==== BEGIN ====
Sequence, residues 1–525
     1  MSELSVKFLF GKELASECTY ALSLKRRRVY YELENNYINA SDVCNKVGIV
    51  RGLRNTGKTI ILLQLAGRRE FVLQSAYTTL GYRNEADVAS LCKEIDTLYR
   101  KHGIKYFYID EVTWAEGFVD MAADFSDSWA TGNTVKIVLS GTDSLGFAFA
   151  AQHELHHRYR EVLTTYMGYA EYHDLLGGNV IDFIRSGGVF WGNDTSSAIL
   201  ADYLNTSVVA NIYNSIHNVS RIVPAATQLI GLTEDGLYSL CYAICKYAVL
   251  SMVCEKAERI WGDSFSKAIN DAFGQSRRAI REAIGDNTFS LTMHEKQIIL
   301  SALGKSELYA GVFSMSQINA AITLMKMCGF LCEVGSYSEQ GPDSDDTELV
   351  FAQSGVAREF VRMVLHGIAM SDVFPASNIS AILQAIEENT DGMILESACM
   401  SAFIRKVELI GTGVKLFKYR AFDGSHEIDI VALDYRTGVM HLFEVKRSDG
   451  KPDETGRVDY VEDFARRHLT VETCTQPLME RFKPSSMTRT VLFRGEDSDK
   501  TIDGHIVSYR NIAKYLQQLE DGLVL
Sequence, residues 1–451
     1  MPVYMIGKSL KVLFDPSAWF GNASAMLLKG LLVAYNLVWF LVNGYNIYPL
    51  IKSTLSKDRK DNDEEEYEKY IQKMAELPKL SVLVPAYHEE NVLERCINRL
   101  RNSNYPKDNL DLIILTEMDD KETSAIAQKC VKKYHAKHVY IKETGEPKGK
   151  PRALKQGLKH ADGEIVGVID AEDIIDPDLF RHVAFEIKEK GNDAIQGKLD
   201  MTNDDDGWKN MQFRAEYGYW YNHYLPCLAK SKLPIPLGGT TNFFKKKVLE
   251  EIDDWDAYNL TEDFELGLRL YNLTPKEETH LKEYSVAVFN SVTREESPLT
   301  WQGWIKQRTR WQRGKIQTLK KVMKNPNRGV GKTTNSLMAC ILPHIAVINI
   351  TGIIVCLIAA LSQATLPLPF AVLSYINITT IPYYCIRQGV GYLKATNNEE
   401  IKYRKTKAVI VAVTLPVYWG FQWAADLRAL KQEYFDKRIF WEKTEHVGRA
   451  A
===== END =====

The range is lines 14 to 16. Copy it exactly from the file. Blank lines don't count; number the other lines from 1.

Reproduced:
     1  MPVYMIGKSL KVLFDPSAWF GNASAMLLKG LLVAYNLVWF LVNGYNIYPL
    51  IKSTLSKDRK DNDEEEYEKY IQKMAELPKL SVLVPAYHEE NVLERCINRL
   101  RNSNYPKDNL DLIILTEMDD KETSAIAQKC VKKYHAKHVY IKETGEPKGK